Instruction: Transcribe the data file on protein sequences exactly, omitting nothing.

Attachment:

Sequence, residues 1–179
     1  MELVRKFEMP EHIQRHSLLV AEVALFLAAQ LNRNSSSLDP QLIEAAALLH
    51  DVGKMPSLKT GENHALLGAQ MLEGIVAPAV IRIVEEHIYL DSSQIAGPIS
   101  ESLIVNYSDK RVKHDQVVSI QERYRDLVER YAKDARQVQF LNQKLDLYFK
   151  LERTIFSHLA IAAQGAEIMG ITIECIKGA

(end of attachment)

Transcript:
Sequence, residues 1–179
     1  MELVRKFEMP EHIQRHSLLV AEVALFLAAQ LNRNSSSLDP QLIEAAALLH
    51  DVGKMPSLKT GENHALLGAQ MLEGIVAPAV IRIVEEHIYL DSSQIAGPIS
   101  ESLIVNYSDK RVKHDQVVSI QERYRDLVER YAKDARQVQF LNQKLDLYFK
   151  LERTIFSHLA IAAQGAEIMG ITIECIKGA